The History of Mac OS X


Mac OS X, the operating system used today by every single Mac available from Apple, has quite an extensive history, as does the Mac OS in general. Mac OS X has seen many different variations, as it started off with version 10.0 “Cheetah” and is currently on version 10.8 Mountain Lion. Every single Mac OS X version to date has been named after a big cat, from Puma to Panther to Leopard to Lion.

March 24th of this year marked 11 years that the desktop version of Mac OS X has been in existence (Mac OS X Server 1.0 launched two years earlier in 1999), and throughout those 11 years it has heavily evolved, even dropping the “Mac” before OS X officially as of the Mountain Lion developer preview release.

The transformation from the former versions of Mac OS to Mac OS X was quite significant in that it moved away from the more simplistic nature of the former Mac OS versions, introducing more complex applications and application suites such as iLife and Front Row and other significant new features such as pre-emptive multitasking.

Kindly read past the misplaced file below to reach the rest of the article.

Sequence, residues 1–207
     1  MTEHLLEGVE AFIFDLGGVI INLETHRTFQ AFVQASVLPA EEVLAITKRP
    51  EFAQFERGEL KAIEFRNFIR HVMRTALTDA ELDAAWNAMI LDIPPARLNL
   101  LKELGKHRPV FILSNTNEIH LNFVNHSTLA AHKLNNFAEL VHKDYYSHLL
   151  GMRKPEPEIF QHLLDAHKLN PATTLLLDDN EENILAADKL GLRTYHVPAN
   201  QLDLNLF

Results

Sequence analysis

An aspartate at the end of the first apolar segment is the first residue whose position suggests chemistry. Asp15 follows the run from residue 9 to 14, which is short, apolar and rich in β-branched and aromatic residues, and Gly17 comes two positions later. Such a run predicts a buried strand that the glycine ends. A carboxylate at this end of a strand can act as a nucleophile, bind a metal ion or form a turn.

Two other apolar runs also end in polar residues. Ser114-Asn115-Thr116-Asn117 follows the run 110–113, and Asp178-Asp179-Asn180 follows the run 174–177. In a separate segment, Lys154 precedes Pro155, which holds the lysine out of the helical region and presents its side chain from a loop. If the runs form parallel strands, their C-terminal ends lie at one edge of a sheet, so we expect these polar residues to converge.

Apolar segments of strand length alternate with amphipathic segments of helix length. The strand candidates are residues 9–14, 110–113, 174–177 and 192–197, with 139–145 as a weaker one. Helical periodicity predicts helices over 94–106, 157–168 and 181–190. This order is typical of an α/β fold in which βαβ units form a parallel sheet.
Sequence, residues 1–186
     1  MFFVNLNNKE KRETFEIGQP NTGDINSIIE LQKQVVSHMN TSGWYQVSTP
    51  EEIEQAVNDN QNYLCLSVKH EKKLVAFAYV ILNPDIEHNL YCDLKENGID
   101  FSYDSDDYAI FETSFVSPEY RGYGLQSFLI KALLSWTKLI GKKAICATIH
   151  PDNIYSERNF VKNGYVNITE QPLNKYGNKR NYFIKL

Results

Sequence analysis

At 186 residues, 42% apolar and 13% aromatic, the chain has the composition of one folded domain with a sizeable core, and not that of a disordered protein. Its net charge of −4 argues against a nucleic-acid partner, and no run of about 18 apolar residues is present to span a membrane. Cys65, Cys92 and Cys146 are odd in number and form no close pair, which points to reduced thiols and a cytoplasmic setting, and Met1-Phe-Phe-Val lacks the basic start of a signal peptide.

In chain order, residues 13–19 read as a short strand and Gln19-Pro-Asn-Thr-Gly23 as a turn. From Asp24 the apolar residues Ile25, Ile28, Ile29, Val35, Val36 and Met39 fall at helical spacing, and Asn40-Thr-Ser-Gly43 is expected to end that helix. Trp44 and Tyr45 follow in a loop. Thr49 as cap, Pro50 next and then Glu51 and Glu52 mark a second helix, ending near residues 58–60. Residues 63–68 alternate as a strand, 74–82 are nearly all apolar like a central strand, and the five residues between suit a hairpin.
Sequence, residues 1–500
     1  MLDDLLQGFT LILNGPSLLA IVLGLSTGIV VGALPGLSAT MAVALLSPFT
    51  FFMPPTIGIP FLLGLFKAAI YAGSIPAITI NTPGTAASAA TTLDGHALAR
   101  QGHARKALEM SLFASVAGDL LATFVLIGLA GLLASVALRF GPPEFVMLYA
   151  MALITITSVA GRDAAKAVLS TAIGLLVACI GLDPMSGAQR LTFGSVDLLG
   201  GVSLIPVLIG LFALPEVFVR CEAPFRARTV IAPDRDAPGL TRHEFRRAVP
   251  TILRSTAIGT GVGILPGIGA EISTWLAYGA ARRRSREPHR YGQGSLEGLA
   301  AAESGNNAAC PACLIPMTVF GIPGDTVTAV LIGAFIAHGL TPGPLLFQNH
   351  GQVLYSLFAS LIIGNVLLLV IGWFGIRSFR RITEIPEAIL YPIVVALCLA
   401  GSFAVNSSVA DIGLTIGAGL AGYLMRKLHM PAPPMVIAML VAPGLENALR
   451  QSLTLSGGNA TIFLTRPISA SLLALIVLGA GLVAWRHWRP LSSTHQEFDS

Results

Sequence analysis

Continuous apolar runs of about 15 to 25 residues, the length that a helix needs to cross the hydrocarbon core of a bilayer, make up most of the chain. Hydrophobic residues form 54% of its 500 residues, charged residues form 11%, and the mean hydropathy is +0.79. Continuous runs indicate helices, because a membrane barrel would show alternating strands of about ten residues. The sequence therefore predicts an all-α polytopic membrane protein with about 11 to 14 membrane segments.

Mac OS X also made the switch from using the Arabic numbering system to using the Roman numeral X, which remains to this day and will likely carry on into the next major Mac OS release (presumably OS XI).

The most significant and well-known change that came with Mac OS X, though, was the introduction of the Aqua theme, which succeeded Mac OS 8 and 9’s Platinum theme. To this day, Mac OS X is easily identified thanks to the Aqua GUI theme, although its inclusion in more recent versions has died down thanks to the “iOS-ification” of Mac OS X that has begun taking place.

Mac OS X continued to evolve through its eight variants (nine counting the upcoming Mountain Lion), through the introduction of new features such as the Safari web browser in 10.3 Panther, Spotlight in Tiger, and so many others. The Mac OS undoubtedly evolved the most from Mac OS X 10.0 to the current 10.8, which also brought some significant new features such as Launchpad and Resume.

There is no telling what Apple has planned for Mac OSX (or OSX, as it’s now called) in the future, although it is highly speculated that the desktop OS will eventually merge with Apple’s mobile iOS, and it certainly seems like it’s on that path with the new features that have been added in Lion and now Mountain Lion 10.8. Only time will tell where Apple actually plans to lead Mac OS X in the future without the leadership of now former CEO Steve Jobs.

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